Despite nine months of going round and seeing people from athletics, from cricket, from rugby and many other sports, I’ve yet to meet one professional footballer who felt comfortable enough to have a private meeting at a venue and time of their choosing,”

But is enough being done? According to Stonewall figures from 2009, half of all football fans do not feel the Football Association, Premier League and Football League are doing enough to tackle anti-gay abuse (Dick, 2009). Has much changed in the last 8 years? 

After the Rainbow Lace summit, Clarke went into further detail when asked (“Greg Clarke says men’s football must do more for LGBT inclusivity”, 2017), stating 

We need to make sure we penalise bad behaviour and reward good behaviour, train people, work with people behind the scenes, make sure inclusion happens, make sure people who want to come out feel safe.

But is bad behaviour being penalised?  In the 14-15 Premier League season, 20 reports of homophobia were reported to the FA, one complaint more than the previous season which had 19. However after efforts by the GSFN and BHASC, the Football Association (2015) stated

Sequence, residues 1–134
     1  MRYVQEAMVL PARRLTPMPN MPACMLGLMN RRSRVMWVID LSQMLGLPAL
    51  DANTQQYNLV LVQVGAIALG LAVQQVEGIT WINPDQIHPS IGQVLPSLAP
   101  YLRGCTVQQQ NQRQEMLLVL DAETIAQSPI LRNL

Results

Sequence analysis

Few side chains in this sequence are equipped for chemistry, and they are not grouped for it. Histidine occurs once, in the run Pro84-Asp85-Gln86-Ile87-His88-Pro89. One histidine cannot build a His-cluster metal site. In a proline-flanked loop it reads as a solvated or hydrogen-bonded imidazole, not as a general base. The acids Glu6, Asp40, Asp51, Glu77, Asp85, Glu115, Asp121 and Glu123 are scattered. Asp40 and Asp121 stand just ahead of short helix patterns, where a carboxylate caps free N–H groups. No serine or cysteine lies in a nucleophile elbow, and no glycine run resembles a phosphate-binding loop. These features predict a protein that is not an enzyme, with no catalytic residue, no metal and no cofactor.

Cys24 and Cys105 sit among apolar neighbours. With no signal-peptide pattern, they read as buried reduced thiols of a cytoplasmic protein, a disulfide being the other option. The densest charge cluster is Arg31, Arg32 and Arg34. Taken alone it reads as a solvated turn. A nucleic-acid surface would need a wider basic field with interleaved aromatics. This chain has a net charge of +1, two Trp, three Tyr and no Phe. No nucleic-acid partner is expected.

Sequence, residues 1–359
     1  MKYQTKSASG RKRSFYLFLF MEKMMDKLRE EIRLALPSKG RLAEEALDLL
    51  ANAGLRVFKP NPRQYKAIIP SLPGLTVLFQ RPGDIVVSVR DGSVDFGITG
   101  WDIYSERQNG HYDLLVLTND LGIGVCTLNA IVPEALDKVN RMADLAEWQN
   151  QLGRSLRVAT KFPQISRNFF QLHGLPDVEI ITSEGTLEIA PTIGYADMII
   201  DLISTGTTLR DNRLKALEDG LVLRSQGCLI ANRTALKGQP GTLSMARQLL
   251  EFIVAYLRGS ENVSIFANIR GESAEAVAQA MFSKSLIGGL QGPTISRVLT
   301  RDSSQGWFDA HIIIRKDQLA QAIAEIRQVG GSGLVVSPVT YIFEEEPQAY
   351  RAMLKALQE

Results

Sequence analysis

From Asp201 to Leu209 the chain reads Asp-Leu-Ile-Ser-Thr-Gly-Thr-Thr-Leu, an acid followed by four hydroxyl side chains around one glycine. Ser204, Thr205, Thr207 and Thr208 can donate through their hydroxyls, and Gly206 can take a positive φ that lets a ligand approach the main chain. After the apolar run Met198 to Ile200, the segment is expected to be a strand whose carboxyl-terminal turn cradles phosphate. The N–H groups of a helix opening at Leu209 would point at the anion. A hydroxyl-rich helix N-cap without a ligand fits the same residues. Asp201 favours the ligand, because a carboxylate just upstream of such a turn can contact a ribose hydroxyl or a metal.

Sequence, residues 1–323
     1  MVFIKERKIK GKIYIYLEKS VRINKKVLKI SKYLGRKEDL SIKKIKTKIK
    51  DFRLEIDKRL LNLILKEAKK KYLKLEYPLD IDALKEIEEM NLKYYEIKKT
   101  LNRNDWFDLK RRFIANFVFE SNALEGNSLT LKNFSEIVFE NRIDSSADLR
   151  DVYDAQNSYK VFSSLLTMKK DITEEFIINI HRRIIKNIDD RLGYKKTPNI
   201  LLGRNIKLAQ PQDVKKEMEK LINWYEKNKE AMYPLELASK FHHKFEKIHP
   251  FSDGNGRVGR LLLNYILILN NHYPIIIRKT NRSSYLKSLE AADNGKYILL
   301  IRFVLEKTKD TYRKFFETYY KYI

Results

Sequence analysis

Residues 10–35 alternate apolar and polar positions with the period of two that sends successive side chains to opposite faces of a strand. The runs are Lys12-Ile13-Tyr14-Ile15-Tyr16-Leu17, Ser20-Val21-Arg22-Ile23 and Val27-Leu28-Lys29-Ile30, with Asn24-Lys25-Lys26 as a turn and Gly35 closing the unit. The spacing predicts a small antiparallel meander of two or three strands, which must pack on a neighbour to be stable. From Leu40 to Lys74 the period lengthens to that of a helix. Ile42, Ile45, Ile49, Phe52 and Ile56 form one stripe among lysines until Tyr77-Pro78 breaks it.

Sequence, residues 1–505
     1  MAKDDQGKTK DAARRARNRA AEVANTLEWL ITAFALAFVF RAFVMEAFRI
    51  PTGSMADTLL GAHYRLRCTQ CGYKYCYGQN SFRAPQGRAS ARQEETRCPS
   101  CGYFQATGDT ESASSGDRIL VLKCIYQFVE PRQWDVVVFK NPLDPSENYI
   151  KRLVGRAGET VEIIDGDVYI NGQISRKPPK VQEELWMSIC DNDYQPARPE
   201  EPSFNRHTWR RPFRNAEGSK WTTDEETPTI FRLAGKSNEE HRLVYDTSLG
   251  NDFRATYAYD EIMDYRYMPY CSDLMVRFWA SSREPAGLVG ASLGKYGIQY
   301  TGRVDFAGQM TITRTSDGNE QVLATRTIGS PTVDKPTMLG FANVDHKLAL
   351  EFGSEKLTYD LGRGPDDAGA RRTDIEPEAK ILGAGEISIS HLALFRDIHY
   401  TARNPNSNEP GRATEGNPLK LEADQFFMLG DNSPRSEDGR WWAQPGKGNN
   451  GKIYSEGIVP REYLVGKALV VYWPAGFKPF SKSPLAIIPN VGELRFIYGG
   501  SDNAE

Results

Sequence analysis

“Unlike in previous seasons, there were no reports of mass chanting by opposing supporters at Brighton & Hove Albion matches. In 2014-15, The FA again worked with Brighton & Hove Albion FC and Brighton & Hove Albion Supporters’ Club (BHASC) and all clubs hosting a match against Brighton & Hove Albion to encourage liaison between the two football clubs in advance of the game, liaison between the home club and representatives of BHASC on the match day and the home club to do what it can to deal with any offensive chanting at the match. The BHASC compiles a report after each away match and the reports this last season have largely indicated an absence of any abusive chanting”